- Writing a Business Plan
- Financial Statements
- Business Forecasting
- Business Checklist
STEP 6 - Determine Your Selling Prices for each Product
Now its time to set your prices for each product you plan to sell. The pricing methods available to assist you in setting your prices include; Markup Pricing, Breakeven Pricing, Perceived Value Pricing, Hourly Rate Pricing, and Competitor Pricing (Please refer to the section entitled " Setting Your Prices" for more information on these pricing methods).
Most products purchased for resale have something called the suggested retail price. This price is generally set by the manufacturer which suggests the price retailers should charge their customers. You can acquire "suggested retail prices" from suppliers (manufactures, purchase agents, wholesalers, etc). Moreover, John would have asked his supplier for a suggested retail price for each product he plans to sell.
Lets assume, Fine Clothing Enterprises (his supplier) informs John that many clothing retailers set their prices based on "KEYSTONE". Keystone means double the cost of a product's purchase price. Businesses using keystone are in essence using the Markup Pricing Method to set their prices. The markup is 100% on cost. For example, if John purchases an item of clothing costing $50.00 (shipping charges included), he would sell it for $100.00 (the product's cost is simply doubled). Let further assume, John plans to base his selling prices on the Keystone approach. Therefore, he would simply double each product's cost to arrive at each product's selling price. Given this information John can now develop the following chart which depicts each product's selling price.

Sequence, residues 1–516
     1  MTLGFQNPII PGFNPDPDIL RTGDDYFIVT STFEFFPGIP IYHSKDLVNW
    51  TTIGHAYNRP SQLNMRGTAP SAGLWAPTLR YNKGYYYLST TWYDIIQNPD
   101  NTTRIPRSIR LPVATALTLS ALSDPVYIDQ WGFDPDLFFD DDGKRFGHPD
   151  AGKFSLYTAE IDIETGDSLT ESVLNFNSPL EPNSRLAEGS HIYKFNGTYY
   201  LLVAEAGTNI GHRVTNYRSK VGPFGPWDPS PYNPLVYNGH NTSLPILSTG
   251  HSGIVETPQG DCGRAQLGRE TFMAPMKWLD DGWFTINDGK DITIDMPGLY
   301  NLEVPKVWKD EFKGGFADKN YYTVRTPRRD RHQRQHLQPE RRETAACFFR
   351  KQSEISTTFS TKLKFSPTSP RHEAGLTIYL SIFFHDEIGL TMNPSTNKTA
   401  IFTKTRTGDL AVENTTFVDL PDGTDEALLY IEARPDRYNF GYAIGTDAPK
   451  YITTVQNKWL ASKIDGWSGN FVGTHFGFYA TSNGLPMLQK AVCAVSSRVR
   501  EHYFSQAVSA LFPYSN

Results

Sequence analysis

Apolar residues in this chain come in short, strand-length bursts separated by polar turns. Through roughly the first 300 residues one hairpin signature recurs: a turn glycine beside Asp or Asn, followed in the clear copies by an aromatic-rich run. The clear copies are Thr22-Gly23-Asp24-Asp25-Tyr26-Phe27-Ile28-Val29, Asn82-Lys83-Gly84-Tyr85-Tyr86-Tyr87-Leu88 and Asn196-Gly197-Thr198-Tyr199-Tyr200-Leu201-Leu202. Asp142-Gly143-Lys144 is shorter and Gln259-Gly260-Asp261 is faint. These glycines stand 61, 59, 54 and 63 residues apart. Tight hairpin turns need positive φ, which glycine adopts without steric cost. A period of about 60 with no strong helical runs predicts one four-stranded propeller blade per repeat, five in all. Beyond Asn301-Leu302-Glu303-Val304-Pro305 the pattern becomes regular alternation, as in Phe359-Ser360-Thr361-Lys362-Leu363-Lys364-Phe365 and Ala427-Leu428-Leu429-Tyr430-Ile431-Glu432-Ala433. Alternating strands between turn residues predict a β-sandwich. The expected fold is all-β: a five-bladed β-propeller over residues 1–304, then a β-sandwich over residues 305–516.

|Total Cost per
unit + shipping
|Levi Jeans||$ 28.00||$ 56.00|
|Edwin Jeans||$ 33.00||$ 66.00|
|Guess Jeans||$ 30.00||$ 60.00|
|Ikeda Jeans||$ 29.00||$ 58.00|
|Dockers Pants||$ 25.00||$ 50.00|
|Cream Pants||$ 28.00||$ 56.00|
|London Fog Sweaters||$ 25.00||$ 50.00|
|Guess Sweaters||$ 28.00||$ 56.00|
|Long Sleeve Shirt|
|Polo||$ 16.00||$ 32.00|
|Gasoline||$ 17.00||$ 34.00|
|Hollywood||$ 8.00||$ 16.00|
|Manager||$ 9.00||$ 18.00|
|Razzy||$ 10.00||$ 20.00|
The first column list each product John plans to sell. The second column represents John's total product cost for each clothing item he intends to sell (shipping charges included). The third column depicts the prices John will charge his customers for each product; based on a 100% markup. (IE Keystone).
John has gathered all the information needed in order to calculate his weighted average selling price and his weighted average product cost. Remember, the objective of developing these weighted averages is to reduce the number of selling prices (13 selling prices in John's case) down to one single selling price and to reduce the number of product costs (13 costs in John's case) down to one single product cost. Lets begin by calculating John's Weighted Average Product Cost (Step 7).